The Green Bay Packers are off to a great start in 2019. After pounding the Oakland Raiders 42-24 at Lambeau Field on Sunday, the Packers are 6-1 and in the driver's seat in the NFC North.
But while the Packers were winning games, Aaron Rodgers didn't seem right.
Well, Rodgers put a stop to that thinking and then some Sunday. After exploding for over 400 passing yards and six touchdowns (five passing, one rushing) against the Raiders, it appears Rodgers has found his sea legs in Matt LaFleur's offense.
And if that's the case, the rest of the NFC is in big trouble.
Over the first six weeks of the 2019 season, Rodgers' statistical production was very un-Rodgers-like. There was a 422-yard, two-score effort in a loss to the Philadelphia Eagles in which the Packers were playing from behind, but in the other five contests Rodgers topped 250 passing yards just once—in Week 6 against the Detroit Lions. Rodgers hadn't had a three-score game yet this season and had thrown just eight touchdown passes in six games.
Green Bay's two-headed rushing attack of Aaron Jones and Jamaal Williams has improved relative to past seasons, and that has cut into Rodgers' stats. But it was still strange to see such pedestrian numbers from one of the all-time greats at the position.
As a matter of fact, there were pundits like Ben Baldwin of The Athletic who went so far as to suggest heading into Week 7 that maybe Rodgers just wasn't the player he used to be.
"As we saw Monday night, Rodgers still makes a few incredible plays every game that remind us of the heights he reached from 2009 through 2014. But efficiency numbers suggest either those plays aren’t happening as frequently as they used to or that the non-highlight-reel plays — i.e. the other 90 percent of the game — have taken a step back. After going through a long list of explanations — he needs a running game, he needs a new coach, he needs to recover from his injury and on and on — how many seasons of not being able to drive efficient offense should lead us to reevaluate his standing?"
Apparently, Rodgers heard him—because he was as good as he's ever been Sunday.
In one respect, he was even better.
For all the things that Rodgers has accomplished in 15 seasons in the NFL—the MVP awards, Super Bowl win and status as the highest-rated passer in NFL history, the 35-year-old had never had a game with a perfect passer rating of 158.3.
By virtue of completing 25 of 31 passes for 429 yards with five touchdowns and no interceptions against Oakland, that was Rodgers' rating in Week 7. Without star wideout Davante Adams on the field.
Even Raiders head coach Jon Gruden had to tip his cap.
Now, it's worth pointing out that Oakland's pass defense isn't especially formidable—the Raiders entered Week 7 22nd in the league against the pass. But this was still easily Rodgers' best performance of the year.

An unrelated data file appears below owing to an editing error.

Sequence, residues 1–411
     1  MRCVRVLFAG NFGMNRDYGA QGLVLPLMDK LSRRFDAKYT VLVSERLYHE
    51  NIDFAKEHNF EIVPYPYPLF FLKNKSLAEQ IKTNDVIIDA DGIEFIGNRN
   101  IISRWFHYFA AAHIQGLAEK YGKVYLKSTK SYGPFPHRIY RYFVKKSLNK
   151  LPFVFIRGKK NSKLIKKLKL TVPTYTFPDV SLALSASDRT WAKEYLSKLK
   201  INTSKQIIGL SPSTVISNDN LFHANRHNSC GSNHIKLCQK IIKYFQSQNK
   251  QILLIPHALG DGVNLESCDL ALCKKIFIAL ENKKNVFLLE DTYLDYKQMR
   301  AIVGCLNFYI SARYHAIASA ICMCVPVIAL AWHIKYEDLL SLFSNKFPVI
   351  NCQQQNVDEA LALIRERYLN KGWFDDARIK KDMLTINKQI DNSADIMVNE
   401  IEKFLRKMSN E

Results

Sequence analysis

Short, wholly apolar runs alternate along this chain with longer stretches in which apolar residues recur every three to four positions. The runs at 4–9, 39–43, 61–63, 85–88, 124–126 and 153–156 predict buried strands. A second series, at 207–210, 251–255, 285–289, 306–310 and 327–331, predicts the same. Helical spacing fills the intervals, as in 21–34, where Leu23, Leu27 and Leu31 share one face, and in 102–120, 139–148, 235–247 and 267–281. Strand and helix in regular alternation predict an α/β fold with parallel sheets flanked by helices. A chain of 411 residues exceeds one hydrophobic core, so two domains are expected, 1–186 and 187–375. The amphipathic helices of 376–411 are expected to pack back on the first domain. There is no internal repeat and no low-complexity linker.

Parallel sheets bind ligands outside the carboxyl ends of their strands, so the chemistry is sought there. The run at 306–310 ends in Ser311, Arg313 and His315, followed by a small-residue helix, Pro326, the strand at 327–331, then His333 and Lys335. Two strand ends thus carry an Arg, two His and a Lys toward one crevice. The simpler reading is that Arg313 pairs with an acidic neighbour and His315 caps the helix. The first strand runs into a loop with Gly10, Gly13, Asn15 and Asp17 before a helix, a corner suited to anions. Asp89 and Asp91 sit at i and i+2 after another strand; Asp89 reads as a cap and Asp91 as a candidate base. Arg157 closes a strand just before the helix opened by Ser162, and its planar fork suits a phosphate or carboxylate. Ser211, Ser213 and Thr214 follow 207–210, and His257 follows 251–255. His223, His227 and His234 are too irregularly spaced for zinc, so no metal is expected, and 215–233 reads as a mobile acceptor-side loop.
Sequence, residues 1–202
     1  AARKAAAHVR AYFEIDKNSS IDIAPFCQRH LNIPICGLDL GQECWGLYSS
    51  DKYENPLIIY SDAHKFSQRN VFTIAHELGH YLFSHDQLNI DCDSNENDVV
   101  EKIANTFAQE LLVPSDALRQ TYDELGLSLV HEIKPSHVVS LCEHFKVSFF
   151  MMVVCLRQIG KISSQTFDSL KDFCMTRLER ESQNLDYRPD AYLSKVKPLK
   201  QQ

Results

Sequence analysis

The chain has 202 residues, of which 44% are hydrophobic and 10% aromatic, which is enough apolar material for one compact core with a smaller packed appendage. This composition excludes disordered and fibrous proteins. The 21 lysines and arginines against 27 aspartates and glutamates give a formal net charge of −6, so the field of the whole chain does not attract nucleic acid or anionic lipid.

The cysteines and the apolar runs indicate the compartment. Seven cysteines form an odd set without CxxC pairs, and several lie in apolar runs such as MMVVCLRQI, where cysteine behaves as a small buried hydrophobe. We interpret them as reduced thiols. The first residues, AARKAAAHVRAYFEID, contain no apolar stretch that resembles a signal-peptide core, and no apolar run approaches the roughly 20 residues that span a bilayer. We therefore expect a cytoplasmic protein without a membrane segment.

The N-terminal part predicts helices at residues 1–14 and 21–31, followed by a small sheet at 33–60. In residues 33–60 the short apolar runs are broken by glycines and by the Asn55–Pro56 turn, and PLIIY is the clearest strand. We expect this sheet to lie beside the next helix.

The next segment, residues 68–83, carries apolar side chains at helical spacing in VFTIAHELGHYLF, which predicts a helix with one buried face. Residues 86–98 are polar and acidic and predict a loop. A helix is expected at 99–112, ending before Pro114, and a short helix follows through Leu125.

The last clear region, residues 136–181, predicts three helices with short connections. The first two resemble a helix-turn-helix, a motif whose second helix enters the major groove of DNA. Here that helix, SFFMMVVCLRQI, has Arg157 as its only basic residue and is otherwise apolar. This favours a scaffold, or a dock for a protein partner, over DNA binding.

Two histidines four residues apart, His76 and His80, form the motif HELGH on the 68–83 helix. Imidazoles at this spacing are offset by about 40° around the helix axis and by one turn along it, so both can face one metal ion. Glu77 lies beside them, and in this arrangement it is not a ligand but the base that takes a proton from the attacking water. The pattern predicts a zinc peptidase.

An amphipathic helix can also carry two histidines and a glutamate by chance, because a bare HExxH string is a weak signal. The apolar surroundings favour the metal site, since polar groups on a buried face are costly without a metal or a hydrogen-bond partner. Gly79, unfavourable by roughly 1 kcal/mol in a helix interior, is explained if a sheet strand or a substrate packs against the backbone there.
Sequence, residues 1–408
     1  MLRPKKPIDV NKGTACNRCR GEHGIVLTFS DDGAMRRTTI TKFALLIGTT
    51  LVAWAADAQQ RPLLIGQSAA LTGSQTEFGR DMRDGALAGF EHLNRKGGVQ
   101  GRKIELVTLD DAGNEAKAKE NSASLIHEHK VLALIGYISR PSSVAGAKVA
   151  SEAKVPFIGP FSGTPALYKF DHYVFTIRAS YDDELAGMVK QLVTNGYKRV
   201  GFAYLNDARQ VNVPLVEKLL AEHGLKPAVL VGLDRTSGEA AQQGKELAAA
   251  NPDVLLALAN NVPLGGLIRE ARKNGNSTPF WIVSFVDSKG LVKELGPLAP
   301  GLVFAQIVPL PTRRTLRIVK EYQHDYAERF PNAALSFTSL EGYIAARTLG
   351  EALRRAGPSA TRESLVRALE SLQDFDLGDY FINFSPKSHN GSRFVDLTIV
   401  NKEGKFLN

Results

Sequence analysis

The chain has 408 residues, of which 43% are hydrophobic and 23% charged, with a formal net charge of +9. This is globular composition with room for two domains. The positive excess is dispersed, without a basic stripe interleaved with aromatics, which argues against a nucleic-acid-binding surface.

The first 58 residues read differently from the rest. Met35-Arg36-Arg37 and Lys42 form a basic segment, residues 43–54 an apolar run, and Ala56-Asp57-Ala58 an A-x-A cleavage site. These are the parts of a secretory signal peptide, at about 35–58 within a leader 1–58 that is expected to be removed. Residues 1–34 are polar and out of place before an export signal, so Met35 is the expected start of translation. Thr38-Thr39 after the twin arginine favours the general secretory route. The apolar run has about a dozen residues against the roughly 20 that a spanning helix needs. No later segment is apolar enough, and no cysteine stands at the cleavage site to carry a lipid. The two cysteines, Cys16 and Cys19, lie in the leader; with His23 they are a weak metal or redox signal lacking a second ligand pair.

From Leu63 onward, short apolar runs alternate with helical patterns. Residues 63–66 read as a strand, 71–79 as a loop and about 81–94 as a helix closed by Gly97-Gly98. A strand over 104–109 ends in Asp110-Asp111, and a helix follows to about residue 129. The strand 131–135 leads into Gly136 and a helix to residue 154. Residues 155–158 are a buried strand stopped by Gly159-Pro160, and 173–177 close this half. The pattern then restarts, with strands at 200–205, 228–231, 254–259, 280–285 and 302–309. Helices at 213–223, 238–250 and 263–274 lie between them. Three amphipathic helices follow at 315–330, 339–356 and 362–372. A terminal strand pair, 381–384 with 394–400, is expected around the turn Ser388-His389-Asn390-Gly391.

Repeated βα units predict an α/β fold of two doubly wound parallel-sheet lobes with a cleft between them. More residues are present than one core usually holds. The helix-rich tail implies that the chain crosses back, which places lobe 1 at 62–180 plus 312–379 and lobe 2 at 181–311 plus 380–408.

If he can build on it, then the rest of the teams in the NFC are going to have a significant problem.
The Packers struggled running the ball against the Raiders, but the team is getting better on the ground. The defense has improved by leaps and bounds—after ranking outside the top 20 in scoring defense last year, Green Bay headed into Week 7 eighth in the league. The team is allowing over five fewer points per game than a season ago.
All in all, the Packers are a more balanced team this year. Add in the ability for a superstar quarterback to stand on his head and drop 400 and five on an opponent, and you have arguably the best team in the conference.
There are a couple of reasons to think this could be more than a one-off, too. It's not like Rodgers had been playing poorly—he had thrown just two interceptions this year and had a passer rating of 92.8. But Rodgers didn't appear comfortable in LaFleur's offense. In a way, that's understandable. Rodgers spent essentially his entire career playing under Mike McCarthy. By the end of their time together, Rodgers basically had free rein. He called as many plays as McCarthy did. Maybe more.
Now, player and coach appear to be settling in. It may just be a matter of having some time together in game action. Or it could be that Rodgers sees the same thing we all do—a Packers offense featuring more balance and creativity than we've seen in years.
Conversely, LaFleur seems to be getting more comfortable with Rodgers' ability to improvise. There were more audibles and play changes against Oakland than we saw earlier in the season. Of course, the fact that so many worked so well makes it that much easier to live with.
Just like the team itself, Rodgers and LaFleur are finding balance.
Things aren't going to get any easier for the Packers. Next week, the Packers head to Arrowhead to face a Kansas City Chiefs team that just dropped 30 points on the Denver Broncos even without Patrick Mahomes on the field for most of the final three quarters. Three of Green Bay's next four games are against teams with winning records—including a trip to face the undefeated 49ers on November 24, a game that looms large in the battle for home-field advantage.
But the Packers appear well-equipped for that gauntlet now. They have two physical tailbacks. A punishing defense and pass rush that came into the week tied for seventh in the league in sacks. With any luck, Adams (turf toe) will be back on the field soon.
And now Green Bay's superstar signal-caller is playing like one again.